Study examines antipsychotic medication for children with autism
Children with intellectual difficulty or autism are more likely to be given antipsychotic medication from a younger age than those without intellectual disability…
A new study has suggested that children with intellectual difficulty or autism are more likely to be given antipsychotic medication from a younger age than those without intellectual disability and have higher rates of hospitalisation for depression and for injury and also are at risk of other medical side effects.
Treating behavioural problems in this way can have long-term health implications for the individual
Antipsychotic medication can be prescribed for young people with serious mental conditions such as schizophrenia. Some antipsychotic medications have also been used to reduce aggression in children with disruptive behaviour. They are also sometimes used for short term management short-termeople with explosive anger.
The study, led by Professor Sinead Brophy of the University’s Medical School examined how antipsychotics are used in the NHS, by linking hospital, general practitioner and educational records for 3028 young people who had been prescribed an antipsychotic.
It was found that children with intellectual difficulty or autism were more likely to be given an antipsychotic. The study found:
- 2.8% had been prescribed antipsychotics
- 75% of these children had autism
- This compares with 0.15% of those without intellectual disability.
Those with intellectual disability or autism were prescribed them younger and for a longer period than those without intellectual disability or autism. The research found that 50% of those with intellectual disability or autism had more than 12 prescriptions compared to 25% of those without intellectual disability or autism.
For young people who did not have intellectual disability or autism, there were lower rates of depression and injury after the antipsychotic, but for those with autism or intellectual disability there were higher rates of being hospitalised for depression and for injury. This is possibly because it has a sedative effect and makes children more injury prone and if the child did not have a manic or agitated type mental health condition beforehand, it can lead to depression.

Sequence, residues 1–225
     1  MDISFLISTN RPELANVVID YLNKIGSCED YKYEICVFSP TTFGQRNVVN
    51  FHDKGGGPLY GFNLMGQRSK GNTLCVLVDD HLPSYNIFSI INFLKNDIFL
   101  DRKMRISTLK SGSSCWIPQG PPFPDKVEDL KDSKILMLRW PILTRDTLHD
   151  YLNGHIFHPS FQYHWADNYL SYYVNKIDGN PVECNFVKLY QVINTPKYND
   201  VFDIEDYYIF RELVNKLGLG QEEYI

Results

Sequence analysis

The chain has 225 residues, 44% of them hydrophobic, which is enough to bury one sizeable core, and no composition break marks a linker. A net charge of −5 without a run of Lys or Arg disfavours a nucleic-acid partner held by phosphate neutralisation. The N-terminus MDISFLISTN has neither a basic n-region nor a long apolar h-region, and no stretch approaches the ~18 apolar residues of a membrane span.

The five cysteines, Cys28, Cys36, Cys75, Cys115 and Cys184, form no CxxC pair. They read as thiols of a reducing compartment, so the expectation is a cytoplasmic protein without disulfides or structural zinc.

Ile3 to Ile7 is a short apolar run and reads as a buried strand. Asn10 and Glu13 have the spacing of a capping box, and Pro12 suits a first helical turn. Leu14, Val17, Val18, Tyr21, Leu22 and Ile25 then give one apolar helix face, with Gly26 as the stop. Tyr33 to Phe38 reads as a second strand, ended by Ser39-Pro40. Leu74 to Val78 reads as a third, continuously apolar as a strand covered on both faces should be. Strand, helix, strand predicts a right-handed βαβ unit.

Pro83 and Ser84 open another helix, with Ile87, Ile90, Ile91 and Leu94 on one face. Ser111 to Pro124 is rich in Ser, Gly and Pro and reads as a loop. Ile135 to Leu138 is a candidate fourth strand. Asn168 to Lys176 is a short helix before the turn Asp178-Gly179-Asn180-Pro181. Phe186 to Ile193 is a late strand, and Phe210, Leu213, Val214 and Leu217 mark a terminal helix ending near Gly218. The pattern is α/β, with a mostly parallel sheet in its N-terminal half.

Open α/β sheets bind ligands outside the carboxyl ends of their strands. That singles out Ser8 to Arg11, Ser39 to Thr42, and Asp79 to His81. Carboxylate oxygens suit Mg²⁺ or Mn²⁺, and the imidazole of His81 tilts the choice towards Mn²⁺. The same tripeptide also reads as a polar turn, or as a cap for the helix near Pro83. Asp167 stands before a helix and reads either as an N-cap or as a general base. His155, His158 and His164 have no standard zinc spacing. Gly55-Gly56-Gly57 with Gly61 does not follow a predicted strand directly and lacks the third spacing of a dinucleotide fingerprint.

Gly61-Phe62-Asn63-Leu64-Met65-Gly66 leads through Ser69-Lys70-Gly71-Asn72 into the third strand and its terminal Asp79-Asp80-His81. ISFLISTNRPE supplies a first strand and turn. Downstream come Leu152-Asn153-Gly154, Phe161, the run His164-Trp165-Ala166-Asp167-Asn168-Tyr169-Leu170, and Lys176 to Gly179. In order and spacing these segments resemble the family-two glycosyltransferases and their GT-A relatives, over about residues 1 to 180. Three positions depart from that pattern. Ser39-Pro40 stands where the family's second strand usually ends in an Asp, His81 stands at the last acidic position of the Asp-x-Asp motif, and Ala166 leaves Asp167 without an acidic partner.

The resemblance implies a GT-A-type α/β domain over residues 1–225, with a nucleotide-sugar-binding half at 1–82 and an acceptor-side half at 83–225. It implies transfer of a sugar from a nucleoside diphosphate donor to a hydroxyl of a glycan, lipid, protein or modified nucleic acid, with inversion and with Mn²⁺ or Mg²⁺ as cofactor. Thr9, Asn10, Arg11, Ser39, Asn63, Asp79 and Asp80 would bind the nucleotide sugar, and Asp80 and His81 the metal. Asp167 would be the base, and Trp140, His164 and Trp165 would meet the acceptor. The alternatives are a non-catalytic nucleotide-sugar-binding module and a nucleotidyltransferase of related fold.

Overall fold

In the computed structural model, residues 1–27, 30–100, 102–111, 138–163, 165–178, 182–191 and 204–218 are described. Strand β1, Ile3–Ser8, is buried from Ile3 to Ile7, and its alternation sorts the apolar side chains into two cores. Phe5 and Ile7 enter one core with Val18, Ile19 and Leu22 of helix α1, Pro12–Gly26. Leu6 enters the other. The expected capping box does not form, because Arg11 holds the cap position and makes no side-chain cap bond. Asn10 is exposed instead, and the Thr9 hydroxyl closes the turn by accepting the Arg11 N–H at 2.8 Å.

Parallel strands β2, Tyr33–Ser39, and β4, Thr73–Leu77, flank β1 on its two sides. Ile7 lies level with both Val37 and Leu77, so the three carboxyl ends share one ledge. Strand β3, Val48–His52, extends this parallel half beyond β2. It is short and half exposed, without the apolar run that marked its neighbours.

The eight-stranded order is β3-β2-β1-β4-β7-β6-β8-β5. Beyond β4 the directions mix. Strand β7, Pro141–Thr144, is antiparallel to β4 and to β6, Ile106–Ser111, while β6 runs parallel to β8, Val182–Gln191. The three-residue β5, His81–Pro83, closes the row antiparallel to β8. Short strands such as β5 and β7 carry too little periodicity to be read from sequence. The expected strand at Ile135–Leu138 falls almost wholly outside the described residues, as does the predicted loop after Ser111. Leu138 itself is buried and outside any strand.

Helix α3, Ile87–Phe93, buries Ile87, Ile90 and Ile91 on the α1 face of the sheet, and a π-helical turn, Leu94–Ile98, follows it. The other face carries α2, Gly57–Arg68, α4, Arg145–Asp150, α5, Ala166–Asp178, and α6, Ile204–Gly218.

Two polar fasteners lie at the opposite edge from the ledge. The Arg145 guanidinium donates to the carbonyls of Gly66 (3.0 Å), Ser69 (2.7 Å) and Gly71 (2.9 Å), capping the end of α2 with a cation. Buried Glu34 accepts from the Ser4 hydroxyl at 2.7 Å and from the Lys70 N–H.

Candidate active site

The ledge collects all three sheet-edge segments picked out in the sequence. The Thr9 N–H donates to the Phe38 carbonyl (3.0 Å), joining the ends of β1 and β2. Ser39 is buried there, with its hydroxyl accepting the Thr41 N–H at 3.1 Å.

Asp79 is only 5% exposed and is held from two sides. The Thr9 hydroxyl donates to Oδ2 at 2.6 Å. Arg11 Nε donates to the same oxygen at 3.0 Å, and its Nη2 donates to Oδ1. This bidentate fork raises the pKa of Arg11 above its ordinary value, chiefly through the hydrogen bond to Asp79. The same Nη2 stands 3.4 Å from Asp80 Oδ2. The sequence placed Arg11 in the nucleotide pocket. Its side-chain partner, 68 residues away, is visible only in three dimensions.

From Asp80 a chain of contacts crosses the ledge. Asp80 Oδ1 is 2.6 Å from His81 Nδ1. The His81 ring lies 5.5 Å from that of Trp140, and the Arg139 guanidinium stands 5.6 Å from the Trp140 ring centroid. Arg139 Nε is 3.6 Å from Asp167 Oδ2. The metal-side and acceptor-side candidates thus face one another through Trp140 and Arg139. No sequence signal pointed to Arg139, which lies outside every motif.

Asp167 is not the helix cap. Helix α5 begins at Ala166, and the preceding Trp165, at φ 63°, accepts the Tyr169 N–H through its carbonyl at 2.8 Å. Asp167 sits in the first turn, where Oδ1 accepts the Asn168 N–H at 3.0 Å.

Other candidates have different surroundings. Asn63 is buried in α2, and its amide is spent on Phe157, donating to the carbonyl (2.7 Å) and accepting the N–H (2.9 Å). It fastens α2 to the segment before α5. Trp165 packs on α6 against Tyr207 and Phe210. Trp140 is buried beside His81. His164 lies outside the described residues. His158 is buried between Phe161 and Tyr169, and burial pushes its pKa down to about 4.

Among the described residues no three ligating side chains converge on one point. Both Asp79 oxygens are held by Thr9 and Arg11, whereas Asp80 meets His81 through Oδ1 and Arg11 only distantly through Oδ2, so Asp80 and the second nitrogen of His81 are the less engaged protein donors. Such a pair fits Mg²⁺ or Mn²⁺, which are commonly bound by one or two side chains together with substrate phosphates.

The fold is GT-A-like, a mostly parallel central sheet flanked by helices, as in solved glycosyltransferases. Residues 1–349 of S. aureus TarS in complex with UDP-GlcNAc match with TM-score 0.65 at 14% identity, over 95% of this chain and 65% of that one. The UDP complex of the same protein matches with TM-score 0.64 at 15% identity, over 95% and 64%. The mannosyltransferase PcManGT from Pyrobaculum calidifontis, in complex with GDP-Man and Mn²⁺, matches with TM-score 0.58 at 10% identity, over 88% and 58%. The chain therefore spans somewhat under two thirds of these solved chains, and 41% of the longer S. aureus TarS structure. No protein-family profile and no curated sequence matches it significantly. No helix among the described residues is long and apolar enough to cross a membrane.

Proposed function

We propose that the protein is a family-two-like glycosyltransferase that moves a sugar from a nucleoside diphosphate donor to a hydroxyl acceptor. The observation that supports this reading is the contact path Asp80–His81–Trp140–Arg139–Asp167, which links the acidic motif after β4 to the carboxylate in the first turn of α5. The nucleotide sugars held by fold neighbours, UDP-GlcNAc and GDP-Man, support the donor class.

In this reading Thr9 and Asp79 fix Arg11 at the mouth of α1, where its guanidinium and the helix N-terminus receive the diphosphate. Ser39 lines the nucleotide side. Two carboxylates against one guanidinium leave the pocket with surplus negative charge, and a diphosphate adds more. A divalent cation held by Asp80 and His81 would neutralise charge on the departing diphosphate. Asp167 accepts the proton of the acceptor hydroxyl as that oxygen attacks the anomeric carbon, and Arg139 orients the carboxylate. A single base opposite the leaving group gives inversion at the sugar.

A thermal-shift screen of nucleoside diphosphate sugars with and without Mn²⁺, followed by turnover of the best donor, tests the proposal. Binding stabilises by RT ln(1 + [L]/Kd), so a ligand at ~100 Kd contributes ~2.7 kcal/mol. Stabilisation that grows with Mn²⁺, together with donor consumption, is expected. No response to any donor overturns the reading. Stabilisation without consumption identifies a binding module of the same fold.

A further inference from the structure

Antipsychotics are known to be associated with increasing seizures in those with epilepsy. In some people certain antipsychotics can cause weight gain and potential diabetes and reducing swallowing and so leaving people open to respiratory infections.
The study found evidence of higher rates of epilepsy, diabetes and respiratory infection requiring hospital admission in all young people, with and without autism or intellectual disability, who are on antipsychotics, compared to rates before being prescribed antipsychotics and compared to those not on antipsychotics.
Professor Brophy said: “Our research suggests that young people with intellectual difficulty or autism are more like to be prescribed antipsychotic medication than those with a psychotic diagnosis, and are prescribed this medication at a younger age and for a longer period of time.
“Treating behavioural problems in this way can lead to increased costs to the NHS in terms of higher epilepsy, respiratory infection, diabetes, depression and injury all requiring more visits to the GP and hospital. In addition, treating behavioural problems in this way can have long term health implications for the individual and for those who care for them.”
The study has been published in the Journal of Child and Adolescent Psychopharmacology.